Monday, September 2, 2013

African Keyhole Garden - Step 1

This old dog is learning new tricks. I've been introduced to the idea of an African keyhole garden.

When it was first suggested that I check these gardens out, I thought they were nothing special, just a raised bed with an aisleway cut into them for easy access to the out of reach plants. Wrong. Sure, a standard keyhole is like that, but these African developed ones are different. These are designed for low water useage and no commercial fertilizer. Now......now, my interest was piqued.


First in place, the central core. Sue J posing with the post pounder. 

African keyhole gardens are built around a vertical compost core. This compost is held in place via a basket of some sort. I suspect one could devise one of these gardens without a physical basket, but that will be a future experiment. For now, the basket will be used because it is easy and visible. 

For this first garden attempt (being constructed at the community garden), we will be builting it with available materials that cost almost nothing. 

Step 1--- We took a piece of donated hardware cloth and roll it into a tube four feet high (3 1/2 to 4 feet height is what we aimed for) and between 1 and 1 1/2 foot in diameter. Next, we pounded four rusty old t-posts (salvaged from discharged fencing) into the ground close enough so that the hardware cloth tube would slide down over them. The idea --  to keep the tube from collapsing when the garden is filled with dirt.

Pallet pieces in place. You can see the keyhole on the left. 

Step 2 - We took 6 wood pallets (a local food market donates these) and cut them to 26 inches. Why 26? Because it's an easy spot on the pallet to make the cut and it is close to 24 inches, the height we were targeting for the sides. We decided to have the slats run horizontally for stability. Two more pallets were cut on an angle going from 26" to 36". These will be for the keyhole. 

Step 3 - Assembly. We set up the two keyhole pallets then added the side walls so that it sort of looked like a hexagon. Using wire, we wired the pallets together and to the hardware cloth core. We could have nailed it all together but we opted to use the wire so that the garden could be easily dismantled.

Plastic sheeting to line the garden to prevent drying out due to tradewinds. 

Step 4 - Using a sheet of discarded black plastic, we lined the interior sides of the pallets. On the keyhole section we also covered the exterior walls just because it will help protect the garden volunteers from getting splinters as they use the keyhole. We had extra plastic available, so we used it. The reason for the plastic is twofold. It will help keep the soil and organic material inside the garden, plus more importantly it will help retain moisture. Some regions get too much rain but not us. So drainage and waterlogging is not an issue for us. But having the soil dry out due to tradewinds is a concern. We used plastic because we had it, but we could also have used a tarp, plywood, metal sheeting, etc.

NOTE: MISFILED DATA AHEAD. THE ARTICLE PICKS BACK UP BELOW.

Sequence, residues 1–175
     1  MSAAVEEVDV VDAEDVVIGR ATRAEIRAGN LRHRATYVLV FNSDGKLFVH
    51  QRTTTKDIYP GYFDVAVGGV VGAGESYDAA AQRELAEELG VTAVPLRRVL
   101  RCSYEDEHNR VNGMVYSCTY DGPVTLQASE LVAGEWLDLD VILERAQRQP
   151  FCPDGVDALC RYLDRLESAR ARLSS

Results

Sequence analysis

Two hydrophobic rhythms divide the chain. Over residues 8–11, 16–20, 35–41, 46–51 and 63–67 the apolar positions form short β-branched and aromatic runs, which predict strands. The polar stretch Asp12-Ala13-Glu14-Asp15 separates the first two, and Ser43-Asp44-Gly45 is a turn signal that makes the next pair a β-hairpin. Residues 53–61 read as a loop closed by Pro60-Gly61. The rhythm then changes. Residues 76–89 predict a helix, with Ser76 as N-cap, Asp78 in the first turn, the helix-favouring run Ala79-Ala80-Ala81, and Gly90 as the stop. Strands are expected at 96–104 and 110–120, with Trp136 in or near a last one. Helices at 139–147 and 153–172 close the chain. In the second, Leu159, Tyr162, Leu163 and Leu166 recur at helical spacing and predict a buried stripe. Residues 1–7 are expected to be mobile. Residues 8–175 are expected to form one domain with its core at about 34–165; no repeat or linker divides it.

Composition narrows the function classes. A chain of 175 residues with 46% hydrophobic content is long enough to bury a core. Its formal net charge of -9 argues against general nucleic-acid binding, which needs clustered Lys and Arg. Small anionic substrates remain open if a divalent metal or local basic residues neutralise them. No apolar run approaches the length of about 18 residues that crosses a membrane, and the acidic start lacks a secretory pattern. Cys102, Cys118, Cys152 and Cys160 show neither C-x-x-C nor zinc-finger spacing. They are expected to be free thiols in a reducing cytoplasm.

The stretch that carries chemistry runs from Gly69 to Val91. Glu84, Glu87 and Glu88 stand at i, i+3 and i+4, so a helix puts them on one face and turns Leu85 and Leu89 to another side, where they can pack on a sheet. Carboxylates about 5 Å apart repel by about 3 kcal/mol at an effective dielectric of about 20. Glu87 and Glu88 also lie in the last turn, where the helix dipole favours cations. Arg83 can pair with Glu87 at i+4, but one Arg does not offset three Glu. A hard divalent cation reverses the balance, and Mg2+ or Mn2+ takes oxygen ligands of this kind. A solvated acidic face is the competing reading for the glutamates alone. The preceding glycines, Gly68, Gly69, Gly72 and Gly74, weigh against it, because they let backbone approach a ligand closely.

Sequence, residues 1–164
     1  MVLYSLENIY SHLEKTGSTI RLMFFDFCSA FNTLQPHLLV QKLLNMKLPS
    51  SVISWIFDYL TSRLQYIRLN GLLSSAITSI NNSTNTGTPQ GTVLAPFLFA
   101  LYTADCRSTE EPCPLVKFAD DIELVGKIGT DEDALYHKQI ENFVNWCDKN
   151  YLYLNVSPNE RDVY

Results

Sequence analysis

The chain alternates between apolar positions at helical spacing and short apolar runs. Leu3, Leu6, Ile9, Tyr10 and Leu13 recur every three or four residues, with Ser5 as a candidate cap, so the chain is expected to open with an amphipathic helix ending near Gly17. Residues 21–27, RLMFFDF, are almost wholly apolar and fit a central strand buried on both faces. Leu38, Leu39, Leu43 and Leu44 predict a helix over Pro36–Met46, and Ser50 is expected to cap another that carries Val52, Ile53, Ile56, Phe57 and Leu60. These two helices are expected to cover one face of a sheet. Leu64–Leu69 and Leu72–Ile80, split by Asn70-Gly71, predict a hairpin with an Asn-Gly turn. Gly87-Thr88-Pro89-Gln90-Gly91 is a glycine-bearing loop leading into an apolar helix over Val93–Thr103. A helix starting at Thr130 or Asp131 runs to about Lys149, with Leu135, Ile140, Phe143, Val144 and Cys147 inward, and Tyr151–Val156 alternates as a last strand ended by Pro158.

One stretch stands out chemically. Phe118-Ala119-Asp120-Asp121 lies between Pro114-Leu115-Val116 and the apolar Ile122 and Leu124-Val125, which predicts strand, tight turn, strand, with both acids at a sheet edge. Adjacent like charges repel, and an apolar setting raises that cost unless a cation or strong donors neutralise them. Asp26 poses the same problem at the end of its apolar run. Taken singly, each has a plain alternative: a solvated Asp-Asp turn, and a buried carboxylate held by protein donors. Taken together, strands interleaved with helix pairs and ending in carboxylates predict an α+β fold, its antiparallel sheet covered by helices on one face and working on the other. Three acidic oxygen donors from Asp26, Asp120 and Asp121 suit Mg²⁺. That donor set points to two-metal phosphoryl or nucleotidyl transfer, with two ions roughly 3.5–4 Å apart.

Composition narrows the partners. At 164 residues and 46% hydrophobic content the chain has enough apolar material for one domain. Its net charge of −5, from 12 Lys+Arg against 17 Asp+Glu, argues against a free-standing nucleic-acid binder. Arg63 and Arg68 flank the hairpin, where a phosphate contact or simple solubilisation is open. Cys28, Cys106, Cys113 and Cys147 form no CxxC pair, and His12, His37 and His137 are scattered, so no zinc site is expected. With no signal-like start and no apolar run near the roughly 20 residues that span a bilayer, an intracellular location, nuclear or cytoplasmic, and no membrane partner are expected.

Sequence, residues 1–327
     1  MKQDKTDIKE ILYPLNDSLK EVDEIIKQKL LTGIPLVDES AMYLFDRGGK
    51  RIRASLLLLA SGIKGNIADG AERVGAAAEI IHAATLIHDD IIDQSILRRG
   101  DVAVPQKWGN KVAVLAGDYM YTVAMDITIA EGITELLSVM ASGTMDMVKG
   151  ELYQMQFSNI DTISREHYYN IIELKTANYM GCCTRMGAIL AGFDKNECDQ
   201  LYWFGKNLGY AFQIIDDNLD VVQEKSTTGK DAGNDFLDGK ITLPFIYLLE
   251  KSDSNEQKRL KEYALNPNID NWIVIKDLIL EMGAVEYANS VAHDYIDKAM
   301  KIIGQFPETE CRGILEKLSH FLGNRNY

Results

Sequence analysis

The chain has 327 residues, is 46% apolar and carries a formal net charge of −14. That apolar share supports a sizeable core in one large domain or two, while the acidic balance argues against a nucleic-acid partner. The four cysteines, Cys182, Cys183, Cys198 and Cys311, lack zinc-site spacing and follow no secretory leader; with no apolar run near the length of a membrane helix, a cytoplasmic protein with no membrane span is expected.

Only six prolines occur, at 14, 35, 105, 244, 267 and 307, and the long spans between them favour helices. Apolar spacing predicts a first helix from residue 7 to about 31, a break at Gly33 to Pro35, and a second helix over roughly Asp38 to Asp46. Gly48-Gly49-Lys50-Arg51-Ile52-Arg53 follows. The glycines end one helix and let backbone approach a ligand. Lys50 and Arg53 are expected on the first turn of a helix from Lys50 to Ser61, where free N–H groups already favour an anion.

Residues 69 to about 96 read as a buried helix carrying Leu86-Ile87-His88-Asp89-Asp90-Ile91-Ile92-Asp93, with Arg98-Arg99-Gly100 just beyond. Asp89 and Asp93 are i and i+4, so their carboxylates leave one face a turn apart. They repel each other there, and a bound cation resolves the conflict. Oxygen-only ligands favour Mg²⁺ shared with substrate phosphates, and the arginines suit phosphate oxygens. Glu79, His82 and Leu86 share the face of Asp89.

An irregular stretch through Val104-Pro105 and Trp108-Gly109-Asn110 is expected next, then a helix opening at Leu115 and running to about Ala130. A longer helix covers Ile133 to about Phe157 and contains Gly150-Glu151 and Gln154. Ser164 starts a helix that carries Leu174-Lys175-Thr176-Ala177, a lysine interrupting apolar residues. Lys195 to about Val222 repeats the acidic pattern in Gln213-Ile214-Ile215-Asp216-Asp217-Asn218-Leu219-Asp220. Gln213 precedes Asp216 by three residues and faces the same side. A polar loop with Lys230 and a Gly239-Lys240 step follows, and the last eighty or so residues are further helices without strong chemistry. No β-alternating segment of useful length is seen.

Cardboard lining the sides, protecting the plastic sheeting during the fill stage. 

Step 5 - With the plastic all neatly in place, we now lined the walls with cardboard. Reason : to keep the plastic from being damaged during the filling process. We then lined the bottom with a thick layer of cardboard. The tropical grass here is very aggressive, so an inch or two of cardboard will help prevent it from growing up through the bed. The cardboard will also help keep moisture inside the bed. 

Central core bin that will receive various manures and compostable materials. These nutrients will
eventually feed the keyhole bed as water is added to the core. 

Step 6 - Load the bottom half of the bed with coarse organic material. This material will slowly decompose. We used old wood branches, coconut fronds, coconut husks, coarse grasses, banana fronds, sorghum canes. We gave it a dusting of garden soil and ash. This material as it decomposes will need nitrogen. Excess nitrogen will naturally leech out of the upper part of the bed and thus be captured by this coarse material.

Layer of coarse material that will slowly breakdown via fungal and bacterial decomposition.
Coarse grasses, old sorghum, coconut husks, coconut fronds, and wood. 

Step 7 - Water the material well and cover it with wet newspaper. 

Next a layer of wet newspaper on top. Now its time for the serious filling up of the bed. 

Step 8 - Fill the bed lasagna style. Layers of garden soil, grass clippings, chicken litter, compost, horse manure, wet newspaper. You can use just about anything. Soil amendments can be dusted on various layers -- wood ash, biochar, bonemeal, coral dust, lava sand, a little ocean water, etc, the idea is to create layers so that moisture can wick out from the central core. This is essentially a layered compost pile.

The first layer of the finishing phase. Lasagna laying of grass, compost, wood ash, bone meal,
and garden soil, wet newspaper,  plus a little chicken pen litter. The top 3 inches will be garden soil. 

We didn't get this garden finished yet. That's for next week. 

4 comments:

  1. Love it! I had never heard of the African keyhole garden beds...ingenious!

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  2. I now have the keyhole garden full,so I'll take some photos and post an update.

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  3. i love what you have done .I have a lot of ?s,they will not fit in this box.Can u please give me your e-mail address so i can e-mail u the ?.My e-mail is bentkowskid@me.com.Thank u.Donna

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    Replies
    1. Welcome Donna! Anyone can email me at kaufarmer@yahoo.com

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